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Secondary Care

Smoking is directly responsible for many hospital admissions, medical procedures and surgical operations. Being admitted to hospital brings smokers into direct contact with healthcare professionals who can advise on giving up smoking. The consequences of smoking are directly relevant, the smokefree environment provides few smoking cues and for some there will be less desire to smoke when feeling ill. Hospitalisation therefore is an important opportunity to assist people to stop smoking.

The health target is about making sure people who are in hospital are consistently screened for tobacco use and, if they are smokers, offered help to quit. With good progress to most DHBs meeting the 95 per cent target, it is important now that this process of ABC is embedded as part of clinical practice.

Smoking is directly responsible for many hospital admissions, medical procedures and surgical operations. Being admitted to hospital brings smokers into direct contact with healthcare professionals who can advise on giving up smoking. The consequences of smoking are directly relevant, the smokefree environment provides few smoking cues and for some there will be less desire to smoke when feeling ill. Hospitalisation therefore is an important opportunity to assist people to stop smoking.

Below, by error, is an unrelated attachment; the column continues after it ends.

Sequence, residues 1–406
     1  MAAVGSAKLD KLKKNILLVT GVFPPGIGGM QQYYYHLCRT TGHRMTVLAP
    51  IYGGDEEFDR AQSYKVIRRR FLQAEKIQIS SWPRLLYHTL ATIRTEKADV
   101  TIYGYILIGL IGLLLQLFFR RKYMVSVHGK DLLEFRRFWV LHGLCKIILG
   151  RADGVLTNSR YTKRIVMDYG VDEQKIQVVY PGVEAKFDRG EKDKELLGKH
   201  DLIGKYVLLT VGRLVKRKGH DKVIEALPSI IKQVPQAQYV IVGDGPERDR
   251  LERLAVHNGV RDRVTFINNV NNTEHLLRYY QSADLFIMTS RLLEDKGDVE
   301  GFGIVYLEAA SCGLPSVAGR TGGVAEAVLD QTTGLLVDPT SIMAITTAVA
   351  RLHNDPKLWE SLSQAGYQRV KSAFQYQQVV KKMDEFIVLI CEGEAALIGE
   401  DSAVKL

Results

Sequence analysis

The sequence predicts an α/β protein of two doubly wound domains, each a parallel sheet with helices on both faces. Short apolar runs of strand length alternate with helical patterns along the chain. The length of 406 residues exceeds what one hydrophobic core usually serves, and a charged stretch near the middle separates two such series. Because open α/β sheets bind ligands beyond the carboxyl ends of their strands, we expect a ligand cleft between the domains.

The health target is about making sure people who are in hospital are consistently screened for tobacco use and, if they are smokers, offered help to quit. With good progress to most DHBs meeting the 95 per cent target, it is important now that this process of ABC is embedded as part of clinical practice.

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